Kombucha might not be the silver bullet you think it is

Jan. 20, 2018

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Kombucha — a fermented tea made of tea, sugar, bacteria and yeast — has been consumed for thousands of years.

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Its supposed health benefits, like promoting gut health with probiotics, have made kombucha a popular drink in today's wellness-crazed world.

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It's important to note that the benefits of probiotics aren't necessarily proven, and are definitely oversold by marketers, so drink with skepticism.

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What’s more, the kombucha you can find on shelves today is not the same as the kind made in China more than 2,000 years ago.

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So before you go knocking back the stuff in an effort to better your health, there are a few things to check for with modern, store-bought kombucha.

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First, look at the sugar content. While kombucha is made with sugar, it doesn't require a lot of it.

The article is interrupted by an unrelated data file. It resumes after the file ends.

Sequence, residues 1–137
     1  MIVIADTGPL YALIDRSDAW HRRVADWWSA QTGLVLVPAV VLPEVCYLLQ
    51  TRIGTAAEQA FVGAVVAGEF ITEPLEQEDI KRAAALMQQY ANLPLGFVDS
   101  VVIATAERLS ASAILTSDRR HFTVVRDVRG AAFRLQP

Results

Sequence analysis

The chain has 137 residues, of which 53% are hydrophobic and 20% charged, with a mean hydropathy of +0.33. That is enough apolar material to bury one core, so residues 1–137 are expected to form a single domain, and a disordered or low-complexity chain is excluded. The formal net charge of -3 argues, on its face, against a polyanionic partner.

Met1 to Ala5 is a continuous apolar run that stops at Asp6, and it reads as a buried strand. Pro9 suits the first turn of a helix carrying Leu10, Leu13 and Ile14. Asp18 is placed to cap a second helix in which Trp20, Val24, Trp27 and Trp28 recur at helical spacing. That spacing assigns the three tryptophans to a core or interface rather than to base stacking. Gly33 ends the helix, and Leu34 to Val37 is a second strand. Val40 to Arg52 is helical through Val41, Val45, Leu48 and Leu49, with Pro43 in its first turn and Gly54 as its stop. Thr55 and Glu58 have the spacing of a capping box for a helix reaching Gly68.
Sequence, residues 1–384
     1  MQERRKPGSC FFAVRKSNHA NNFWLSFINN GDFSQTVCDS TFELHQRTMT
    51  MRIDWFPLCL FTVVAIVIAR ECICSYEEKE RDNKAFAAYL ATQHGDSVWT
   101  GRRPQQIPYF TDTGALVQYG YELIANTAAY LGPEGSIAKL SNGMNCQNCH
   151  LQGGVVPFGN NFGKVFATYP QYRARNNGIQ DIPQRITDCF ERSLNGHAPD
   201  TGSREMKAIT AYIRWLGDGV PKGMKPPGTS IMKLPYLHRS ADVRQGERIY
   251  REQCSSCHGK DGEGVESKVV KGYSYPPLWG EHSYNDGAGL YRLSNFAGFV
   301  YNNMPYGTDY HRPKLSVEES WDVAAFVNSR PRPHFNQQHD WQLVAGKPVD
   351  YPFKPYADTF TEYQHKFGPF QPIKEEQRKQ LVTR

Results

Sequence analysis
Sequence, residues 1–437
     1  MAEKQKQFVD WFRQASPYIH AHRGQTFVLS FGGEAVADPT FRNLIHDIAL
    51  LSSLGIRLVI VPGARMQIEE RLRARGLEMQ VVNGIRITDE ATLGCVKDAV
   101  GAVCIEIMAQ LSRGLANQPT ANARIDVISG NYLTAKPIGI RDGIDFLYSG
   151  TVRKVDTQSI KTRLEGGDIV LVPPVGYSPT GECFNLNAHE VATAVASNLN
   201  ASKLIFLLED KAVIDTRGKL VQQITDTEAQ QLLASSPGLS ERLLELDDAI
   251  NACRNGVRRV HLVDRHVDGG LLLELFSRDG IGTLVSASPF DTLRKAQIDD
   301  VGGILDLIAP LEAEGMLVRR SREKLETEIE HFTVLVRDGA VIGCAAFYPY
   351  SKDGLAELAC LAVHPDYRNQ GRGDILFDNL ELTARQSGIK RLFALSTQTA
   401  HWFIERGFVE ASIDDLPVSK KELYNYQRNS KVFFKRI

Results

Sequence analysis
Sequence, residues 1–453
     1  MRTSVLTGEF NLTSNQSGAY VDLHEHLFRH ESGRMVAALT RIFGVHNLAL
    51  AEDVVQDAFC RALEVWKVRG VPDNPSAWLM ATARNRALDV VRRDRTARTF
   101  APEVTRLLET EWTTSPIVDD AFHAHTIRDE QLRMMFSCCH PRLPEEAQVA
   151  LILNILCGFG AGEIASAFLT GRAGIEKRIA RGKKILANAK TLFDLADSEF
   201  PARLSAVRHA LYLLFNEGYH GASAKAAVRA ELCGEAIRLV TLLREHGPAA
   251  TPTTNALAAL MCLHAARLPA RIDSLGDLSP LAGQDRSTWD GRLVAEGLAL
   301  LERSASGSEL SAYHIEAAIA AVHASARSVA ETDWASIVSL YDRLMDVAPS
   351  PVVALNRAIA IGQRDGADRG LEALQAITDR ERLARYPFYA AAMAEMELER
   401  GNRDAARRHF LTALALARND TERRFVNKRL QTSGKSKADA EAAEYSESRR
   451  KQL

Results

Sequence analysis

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"If your kombucha has more than four grams of sugar in the bottle then I would avoid it," said Dr. Frank Lipman, founder of the Eleven Eleven Wellness Center.

Check to see if the kombucha is unpasteurized, often noted as "raw." Pasteurization is often used to make food safer, but it destroys some organisms.

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"When you pasteurize it, you're going to lose a lot of the beneficial probiotics," Lipman said, suggesting consumers look for raw kombucha.

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In short, don't be fooled by products that bank on the word "kombucha" to make consumers think they're healthy.

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